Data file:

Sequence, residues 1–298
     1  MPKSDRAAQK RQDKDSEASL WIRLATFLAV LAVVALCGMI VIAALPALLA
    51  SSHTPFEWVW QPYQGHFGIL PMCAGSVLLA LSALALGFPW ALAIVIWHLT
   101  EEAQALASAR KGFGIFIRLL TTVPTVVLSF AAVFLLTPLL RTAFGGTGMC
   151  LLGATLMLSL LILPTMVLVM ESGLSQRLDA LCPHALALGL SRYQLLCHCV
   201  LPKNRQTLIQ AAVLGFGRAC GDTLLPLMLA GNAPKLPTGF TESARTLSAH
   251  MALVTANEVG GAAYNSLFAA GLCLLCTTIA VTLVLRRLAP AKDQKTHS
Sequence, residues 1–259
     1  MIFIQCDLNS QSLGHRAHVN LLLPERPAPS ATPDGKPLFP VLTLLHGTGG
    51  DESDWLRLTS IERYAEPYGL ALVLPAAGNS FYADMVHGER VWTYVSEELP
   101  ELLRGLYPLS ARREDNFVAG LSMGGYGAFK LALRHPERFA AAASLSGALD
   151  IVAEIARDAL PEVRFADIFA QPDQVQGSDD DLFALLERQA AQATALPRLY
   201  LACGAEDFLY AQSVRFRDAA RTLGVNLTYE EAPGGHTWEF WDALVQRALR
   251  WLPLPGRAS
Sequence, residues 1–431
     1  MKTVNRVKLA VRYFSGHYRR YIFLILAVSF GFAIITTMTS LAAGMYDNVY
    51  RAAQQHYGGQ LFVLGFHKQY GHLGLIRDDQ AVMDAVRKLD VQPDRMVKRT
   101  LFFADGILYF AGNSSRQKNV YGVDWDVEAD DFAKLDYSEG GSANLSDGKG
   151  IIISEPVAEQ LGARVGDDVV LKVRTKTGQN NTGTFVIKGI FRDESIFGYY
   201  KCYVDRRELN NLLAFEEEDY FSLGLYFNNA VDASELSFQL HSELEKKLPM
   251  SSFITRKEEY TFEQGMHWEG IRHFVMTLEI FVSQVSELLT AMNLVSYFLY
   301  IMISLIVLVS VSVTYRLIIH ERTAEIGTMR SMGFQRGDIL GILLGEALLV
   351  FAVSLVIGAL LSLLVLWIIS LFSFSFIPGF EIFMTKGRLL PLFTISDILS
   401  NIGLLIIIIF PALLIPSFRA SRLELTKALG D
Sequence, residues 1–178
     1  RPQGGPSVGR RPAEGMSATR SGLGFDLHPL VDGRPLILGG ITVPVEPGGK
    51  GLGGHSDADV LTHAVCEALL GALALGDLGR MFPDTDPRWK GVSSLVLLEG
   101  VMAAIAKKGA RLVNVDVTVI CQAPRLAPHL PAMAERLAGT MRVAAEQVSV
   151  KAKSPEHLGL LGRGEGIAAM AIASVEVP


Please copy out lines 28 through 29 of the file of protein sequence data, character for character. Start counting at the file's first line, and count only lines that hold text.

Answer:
   101  VMAAIAKKGA RLVNVDVTVI CQAPRLAPHL PAMAERLAGT MRVAAEQVSV
   151  KAKSPEHLGL LGRGEGIAAM AIASVEVP